Harry changed the rowing movement
I’ve got a lot to thank Harry for and, and still do because he’s still in the back of my head, and he’s still in my subconscious, and he’s still in my notes, and he’s still in the videos that I use for the kids.
And I bring up his name regularly with the kids, you know, these 15-year-olds, 16-year-olds, they don’t know who he is, but I think it’s important to remind these young people where it’s come from, you know, and why New Zealand rowing is where it is today and where other countries are today, you know, British rowing and Swiss rowing.
Wherever Harry’s been he’s created – like a number of other good coaches, of course – but he’s one of those key men that’s I think has changed the rowing movement. .
The New Zealand Olympic champions who preceded Harry
My experience with Harry was in his early days of coaching. So he picked us up when we were getting near the end of our international career.
And so we had had pretty successful years, winning many national titles for our club. In fact, we equalled the record in the same coxed four for the same four guys and coxswain for three years on the trot. And then we went on to win it a fourth year. So we had a pretty good background, and I’d rowed also with… that was with the Avon Rowing Club… and I’d rowed with Whakatane Rowing Club a few years before that.
And those men in that eight were Olympic champions, and they really moved a boat extremely well. I learned so much then from those – Wybo Veldman, Warren Cole, Dave Molesworth, Tom Reid, Noel Mills, they were the key men.
My move from rowing to coaching
But so, then I went on after my rowing career, went on to coach at the club level, and coach some of the rowers that I’d rowed with for five years, and then went into school rowing.
But at the same time I was… going from rowing to coaching was quite a change, and you really have to think about what was making those boats move fast.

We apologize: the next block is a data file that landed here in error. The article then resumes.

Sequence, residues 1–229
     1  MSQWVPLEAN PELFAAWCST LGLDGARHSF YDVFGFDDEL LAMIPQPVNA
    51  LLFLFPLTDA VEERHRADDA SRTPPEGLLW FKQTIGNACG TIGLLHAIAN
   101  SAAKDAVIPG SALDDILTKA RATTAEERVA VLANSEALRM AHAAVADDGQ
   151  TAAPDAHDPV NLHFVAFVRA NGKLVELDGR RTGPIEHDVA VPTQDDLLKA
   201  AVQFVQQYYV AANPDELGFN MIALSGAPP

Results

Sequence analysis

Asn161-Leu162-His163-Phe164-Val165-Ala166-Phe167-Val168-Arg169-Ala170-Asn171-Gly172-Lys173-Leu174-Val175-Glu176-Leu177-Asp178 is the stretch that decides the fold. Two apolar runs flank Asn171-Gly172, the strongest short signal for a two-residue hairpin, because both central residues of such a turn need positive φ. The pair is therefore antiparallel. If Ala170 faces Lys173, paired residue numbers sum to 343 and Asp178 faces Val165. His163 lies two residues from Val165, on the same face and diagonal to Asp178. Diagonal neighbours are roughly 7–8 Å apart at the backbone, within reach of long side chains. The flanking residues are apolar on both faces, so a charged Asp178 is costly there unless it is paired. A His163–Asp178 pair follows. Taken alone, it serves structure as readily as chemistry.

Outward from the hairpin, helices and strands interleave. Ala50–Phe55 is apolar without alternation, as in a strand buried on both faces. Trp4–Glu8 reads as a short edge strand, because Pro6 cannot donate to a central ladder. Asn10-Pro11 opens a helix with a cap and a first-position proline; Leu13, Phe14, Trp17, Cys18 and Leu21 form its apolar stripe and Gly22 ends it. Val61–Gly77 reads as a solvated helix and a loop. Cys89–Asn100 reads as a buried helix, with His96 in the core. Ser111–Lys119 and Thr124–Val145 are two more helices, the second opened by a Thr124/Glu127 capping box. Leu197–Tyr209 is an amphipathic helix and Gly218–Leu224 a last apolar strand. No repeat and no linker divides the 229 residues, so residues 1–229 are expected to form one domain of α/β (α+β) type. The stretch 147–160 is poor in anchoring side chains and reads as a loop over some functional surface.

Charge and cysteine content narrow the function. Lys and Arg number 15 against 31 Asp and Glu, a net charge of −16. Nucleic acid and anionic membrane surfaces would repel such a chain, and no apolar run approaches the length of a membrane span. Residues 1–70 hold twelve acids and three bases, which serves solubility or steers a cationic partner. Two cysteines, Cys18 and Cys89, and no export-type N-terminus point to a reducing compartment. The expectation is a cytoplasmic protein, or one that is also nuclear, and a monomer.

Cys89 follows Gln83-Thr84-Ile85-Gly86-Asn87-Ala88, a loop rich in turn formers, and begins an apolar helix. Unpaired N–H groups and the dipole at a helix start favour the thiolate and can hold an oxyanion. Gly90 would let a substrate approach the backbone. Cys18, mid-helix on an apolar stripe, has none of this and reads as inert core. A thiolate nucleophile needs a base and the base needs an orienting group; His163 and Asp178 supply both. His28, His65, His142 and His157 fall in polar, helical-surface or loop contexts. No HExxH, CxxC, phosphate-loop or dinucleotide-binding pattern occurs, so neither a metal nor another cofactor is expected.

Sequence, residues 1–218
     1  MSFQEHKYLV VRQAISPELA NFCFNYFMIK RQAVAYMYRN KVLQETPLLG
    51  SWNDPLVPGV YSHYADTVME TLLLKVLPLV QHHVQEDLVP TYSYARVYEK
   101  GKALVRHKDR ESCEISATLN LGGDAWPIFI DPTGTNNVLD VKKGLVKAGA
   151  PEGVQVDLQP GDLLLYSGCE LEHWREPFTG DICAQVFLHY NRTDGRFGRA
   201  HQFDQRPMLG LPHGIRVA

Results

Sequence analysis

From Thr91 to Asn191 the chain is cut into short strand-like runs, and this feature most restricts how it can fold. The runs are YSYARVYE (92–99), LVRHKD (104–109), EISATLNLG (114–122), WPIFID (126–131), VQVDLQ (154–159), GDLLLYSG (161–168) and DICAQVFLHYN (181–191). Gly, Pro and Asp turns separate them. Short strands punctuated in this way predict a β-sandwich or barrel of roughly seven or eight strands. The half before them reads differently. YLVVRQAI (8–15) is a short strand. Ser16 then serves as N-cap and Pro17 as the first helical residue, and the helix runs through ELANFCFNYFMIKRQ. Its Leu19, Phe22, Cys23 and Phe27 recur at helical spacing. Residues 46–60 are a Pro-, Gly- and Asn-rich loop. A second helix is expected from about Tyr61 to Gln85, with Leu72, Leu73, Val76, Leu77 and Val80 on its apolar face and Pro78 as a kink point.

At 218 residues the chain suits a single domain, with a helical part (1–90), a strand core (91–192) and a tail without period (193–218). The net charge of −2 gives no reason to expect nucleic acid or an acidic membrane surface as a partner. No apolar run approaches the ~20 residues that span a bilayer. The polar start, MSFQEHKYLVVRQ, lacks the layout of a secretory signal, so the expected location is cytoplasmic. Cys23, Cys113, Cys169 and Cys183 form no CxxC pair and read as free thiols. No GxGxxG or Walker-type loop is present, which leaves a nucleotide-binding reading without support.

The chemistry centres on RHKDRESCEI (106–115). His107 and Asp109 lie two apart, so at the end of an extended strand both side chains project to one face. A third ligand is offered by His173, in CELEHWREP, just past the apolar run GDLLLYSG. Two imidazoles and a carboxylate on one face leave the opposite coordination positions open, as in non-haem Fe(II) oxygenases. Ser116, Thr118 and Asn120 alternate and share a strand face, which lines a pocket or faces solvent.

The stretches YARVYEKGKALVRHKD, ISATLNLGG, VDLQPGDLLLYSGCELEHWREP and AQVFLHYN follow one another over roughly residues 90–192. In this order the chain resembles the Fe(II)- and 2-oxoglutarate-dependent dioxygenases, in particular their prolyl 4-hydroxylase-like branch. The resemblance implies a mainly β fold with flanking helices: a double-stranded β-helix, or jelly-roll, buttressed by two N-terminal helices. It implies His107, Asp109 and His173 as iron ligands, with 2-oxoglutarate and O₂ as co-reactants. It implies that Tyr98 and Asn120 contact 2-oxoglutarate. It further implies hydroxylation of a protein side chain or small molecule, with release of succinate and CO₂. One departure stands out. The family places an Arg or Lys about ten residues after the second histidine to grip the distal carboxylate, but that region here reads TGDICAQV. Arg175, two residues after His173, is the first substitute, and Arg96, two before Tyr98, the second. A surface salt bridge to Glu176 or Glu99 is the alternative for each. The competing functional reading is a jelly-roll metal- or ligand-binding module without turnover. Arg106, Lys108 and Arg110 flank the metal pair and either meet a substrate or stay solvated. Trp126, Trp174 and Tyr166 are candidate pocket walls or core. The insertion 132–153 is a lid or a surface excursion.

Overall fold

And because I was fortunate enough to be involved with Harry, Tom Reid, Cyril Molesworth, my father, [and] Rusty Robertson, I had a great array of different coaches came at it from different angles. And so I’ve gradually cemented in my mind, you know, what I think is the way to move a boat.
The GB men’s eight in 2000
And I also followed Harry’s success with the Swiss, with Cambridge, and, you know, to top it off, the finishing coach with that Great Britain eight in 2000. You know, I’ve used that clip, that race, with all my young kids many, many times now.
The fluency of the Swiss men’s quad
And I’ve used another clip of Harry with a Swiss quad – I’m not sure of the lake, but it was a Swiss lake – and we’ve used it as a final preparation for crews over the years in the previous… in the two days leading into the big event. And also the Cambridge eight training on the Thames. And it’s been used by other coaches in New Zealand.
But it was more the fluency that he created and, particularly in the quad, it was… you could see the reflection, the lake was so flat, and it was an effortless movement that these Swiss… four Swiss men were doing. I think they went on to medal at the Worlds. But it’s… there was no, there was no harshness in their movement, it was just picking up a running boat all the time.
And, and Harry just oozed out of that, that video of that crew.
Rowing in a masters crew for the benefit of my coaching
And now I’m doing a wee bit of masters rowing and every time I go out, when I train with some of these guys, in the boat myself, I don’t take too much notice of what they’re doing, but I’m just focusing on the movement and the application of power and acceleration for the benefit of my coaching – because that’s all I want to do now is coach, you know, I’ve retired from the business.
And, and when you get it, when you get that feeling, and when it’s together, it’s just like poetry in motion. And we had it in ’77 in our four, under Harry’s leadership, and we’ve had it in other boats too.
Learning from Spracklen and other coaches too
And I’m still using videos of Harry talking, and other coaches, but you know, I’m very closely… a close friend of Mike Spracklen, who comes at it slightly different, but also an expert in his field, probably one of the greatest, I think, in this period. And I hope to spend more time with him later this year, and in the UK, and other coaches in the UK, hopefully, just to share experiences because I don’t think you ever stop learning. And there’s always something there, some fine little thing that’s going to help you crystallize it in your mind, that feeling. And people come at it differently.